If all other factors were held constant, the odds of a woman having experienced intimate partner
violence in the previous 2 years were higher if she:
• had no access to social support (2.3 times as high as for women who did)
• had experienced child abuse (2.3 times as high as than those who had not)
• had pawned or sold items for cash (2.5 times as high as than those who had not)
• could not pay the rent or mortgage on time (2.6 times as high as than those who could)
• went without meals (3.2 times as high as than those who did not)
• had previously been emotionally abused by a partner (19 times as high as than those who had not).

Cumulative effect of different risk factors


Stavrou and colleagues (2016) further assessed the cumulative impact of different combinations
of factors by using a reference case as a ‘baseline’ and modelling the influence of different
factors. Using this approach, the study found, for example:
• for an Australian-born woman in her 30s, married with children, who had access to social
support and was not in financial stress, and had no disability or health condition, or previous
experience of abuse or violence, the probability of her experiencing intimate partner violence
in the previous 2 years was 6.2%
• if the woman had otherwise the same characteristics, but was instead a single parent not in
a registered marriage, her risk would rise to 26%. Adding childhood abuse, inability to make
timely payments on rent or mortgage and emotional abuse by a partner would increase her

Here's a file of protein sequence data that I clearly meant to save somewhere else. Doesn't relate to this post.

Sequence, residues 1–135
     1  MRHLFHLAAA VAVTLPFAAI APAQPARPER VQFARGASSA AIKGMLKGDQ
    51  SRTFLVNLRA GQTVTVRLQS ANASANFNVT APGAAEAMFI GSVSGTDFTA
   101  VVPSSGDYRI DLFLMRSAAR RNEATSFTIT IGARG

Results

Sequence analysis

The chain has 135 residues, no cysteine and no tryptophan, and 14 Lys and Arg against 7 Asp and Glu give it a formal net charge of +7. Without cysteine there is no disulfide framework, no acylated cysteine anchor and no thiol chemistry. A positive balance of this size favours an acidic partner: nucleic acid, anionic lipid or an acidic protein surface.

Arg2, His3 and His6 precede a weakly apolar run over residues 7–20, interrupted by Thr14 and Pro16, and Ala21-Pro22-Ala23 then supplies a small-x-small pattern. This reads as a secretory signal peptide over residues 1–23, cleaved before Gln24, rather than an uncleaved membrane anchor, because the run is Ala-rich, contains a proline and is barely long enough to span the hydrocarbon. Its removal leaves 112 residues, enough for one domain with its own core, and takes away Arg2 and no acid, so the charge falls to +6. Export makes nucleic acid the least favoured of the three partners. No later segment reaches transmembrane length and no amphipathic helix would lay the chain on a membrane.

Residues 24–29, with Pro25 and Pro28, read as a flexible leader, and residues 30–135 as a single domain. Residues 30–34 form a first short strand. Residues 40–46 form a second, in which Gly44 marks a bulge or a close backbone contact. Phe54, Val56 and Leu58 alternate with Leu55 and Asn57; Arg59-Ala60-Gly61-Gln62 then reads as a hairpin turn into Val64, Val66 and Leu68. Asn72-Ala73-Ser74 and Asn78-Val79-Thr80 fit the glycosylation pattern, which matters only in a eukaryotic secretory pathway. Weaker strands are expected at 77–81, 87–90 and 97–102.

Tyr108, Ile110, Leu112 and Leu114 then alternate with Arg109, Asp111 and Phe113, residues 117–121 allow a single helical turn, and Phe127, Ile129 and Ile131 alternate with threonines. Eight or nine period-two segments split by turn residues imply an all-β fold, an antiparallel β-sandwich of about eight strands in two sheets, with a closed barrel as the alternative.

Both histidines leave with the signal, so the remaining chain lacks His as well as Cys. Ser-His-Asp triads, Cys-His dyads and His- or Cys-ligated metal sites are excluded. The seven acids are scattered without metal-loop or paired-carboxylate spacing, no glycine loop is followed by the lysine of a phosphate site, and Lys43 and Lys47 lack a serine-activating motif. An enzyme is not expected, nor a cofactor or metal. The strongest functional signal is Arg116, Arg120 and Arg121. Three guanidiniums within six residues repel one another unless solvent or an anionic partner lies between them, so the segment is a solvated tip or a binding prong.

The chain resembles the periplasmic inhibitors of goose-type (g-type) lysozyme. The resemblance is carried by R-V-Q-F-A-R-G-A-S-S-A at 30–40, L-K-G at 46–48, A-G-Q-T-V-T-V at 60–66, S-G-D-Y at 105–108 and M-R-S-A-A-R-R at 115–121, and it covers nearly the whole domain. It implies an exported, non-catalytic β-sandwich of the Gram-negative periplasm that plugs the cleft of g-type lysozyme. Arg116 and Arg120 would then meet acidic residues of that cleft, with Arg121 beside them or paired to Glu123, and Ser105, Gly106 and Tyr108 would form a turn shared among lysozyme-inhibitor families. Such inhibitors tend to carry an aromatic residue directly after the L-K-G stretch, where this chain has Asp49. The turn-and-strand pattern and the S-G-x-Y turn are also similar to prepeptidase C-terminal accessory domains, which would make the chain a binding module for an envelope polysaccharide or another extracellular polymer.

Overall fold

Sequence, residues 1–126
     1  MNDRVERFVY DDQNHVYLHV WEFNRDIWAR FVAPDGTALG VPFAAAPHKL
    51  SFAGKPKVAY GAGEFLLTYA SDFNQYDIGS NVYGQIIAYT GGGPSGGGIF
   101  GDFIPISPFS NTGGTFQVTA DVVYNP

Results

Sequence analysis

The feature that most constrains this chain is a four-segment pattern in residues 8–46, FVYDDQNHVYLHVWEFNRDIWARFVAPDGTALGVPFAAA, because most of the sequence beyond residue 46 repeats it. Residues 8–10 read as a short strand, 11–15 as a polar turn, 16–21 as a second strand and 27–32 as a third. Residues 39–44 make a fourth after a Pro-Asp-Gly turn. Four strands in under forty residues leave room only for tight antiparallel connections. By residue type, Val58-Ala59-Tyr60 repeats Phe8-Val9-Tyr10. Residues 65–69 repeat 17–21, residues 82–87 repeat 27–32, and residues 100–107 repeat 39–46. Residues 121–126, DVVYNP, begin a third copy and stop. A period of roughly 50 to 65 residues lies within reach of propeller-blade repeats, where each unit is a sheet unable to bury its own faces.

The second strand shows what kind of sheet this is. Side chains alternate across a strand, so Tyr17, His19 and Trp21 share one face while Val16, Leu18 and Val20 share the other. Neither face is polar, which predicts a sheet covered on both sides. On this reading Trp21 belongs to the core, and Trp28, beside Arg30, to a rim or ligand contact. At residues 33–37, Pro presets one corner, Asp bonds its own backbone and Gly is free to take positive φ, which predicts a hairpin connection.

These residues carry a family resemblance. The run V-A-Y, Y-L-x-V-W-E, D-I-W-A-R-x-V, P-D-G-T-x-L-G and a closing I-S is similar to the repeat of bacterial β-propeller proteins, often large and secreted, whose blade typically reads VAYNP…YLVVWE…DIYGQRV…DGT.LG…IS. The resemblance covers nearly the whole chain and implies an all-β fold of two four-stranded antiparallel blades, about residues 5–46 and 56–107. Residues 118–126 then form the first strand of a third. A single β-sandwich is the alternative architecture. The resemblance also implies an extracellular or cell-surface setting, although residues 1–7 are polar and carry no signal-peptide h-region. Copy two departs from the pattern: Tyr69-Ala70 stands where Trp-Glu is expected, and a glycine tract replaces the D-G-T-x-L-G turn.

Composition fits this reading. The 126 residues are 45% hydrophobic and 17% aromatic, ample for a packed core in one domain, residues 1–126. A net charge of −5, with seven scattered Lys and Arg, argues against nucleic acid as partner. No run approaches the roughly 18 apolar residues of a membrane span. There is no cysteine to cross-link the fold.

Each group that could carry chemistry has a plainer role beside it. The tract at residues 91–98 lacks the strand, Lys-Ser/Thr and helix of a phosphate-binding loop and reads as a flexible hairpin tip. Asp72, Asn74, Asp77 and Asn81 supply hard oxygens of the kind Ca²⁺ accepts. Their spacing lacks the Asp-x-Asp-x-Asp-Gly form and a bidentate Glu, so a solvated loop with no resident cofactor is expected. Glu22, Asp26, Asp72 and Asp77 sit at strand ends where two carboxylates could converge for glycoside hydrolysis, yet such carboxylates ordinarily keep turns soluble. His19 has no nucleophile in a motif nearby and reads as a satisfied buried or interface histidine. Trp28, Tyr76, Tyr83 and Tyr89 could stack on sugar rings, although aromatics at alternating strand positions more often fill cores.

risk to 97% (Stavrou et al. 2016).

Source: Stavrou et al. 2016.

What is missing?

Demographic characteristics of victims and perpetrators and experiences of


specific population groups
General population survey data, like the PSS, measure the prevalence of family, domestic and sexual
violence in the general population but do not specifically target people who have experienced these
forms of violence. Hence, it can be difficult to undertake detailed analysis of specific population
groups, due to reliability issues to do with small sample sizes.

So, there are limited data on the following sociodemographic characteristics of victims and
perpetrators:
• age, marital status, household type, ethnicity
• Aboriginal and/or Torres Strait Islander status
• employment status, socioeconomic status, educational attainment and geographic location
• substance use/abuse linked with the incident
• mental health and other long term health conditions
• disability.

Family, domestic and sexual violence in Australia 2018 41


There are also limited data on the location, date and time of the violent events, and previous
victimisation and offence history of the perpetrator.

Other data sources, such as police data and longitudinal surveys, can provide extra information
on experiences of family, domestic and sexual violence. However, obtaining a full picture of these
experiences is often hampered by a lack of consistent definitions and measurement across data sets.

More comprehensive data for at-risk groups are needed


Australia has robust national data sources for reporting population-level prevalence of family,
domestic and sexual violence; however, comprehensive data for at-risk groups is less reliable,
limited or missing. This includes prevalence data on:
• Aboriginal and Torres Strait Islander people
• young people
• children, both as witnesses and victims
• pregnant women
• sexually and gender diverse people
• people on student and partner visas
• newly settled migrants
• people living in rural and remote areas
• people from culturally and linguistically different backgrounds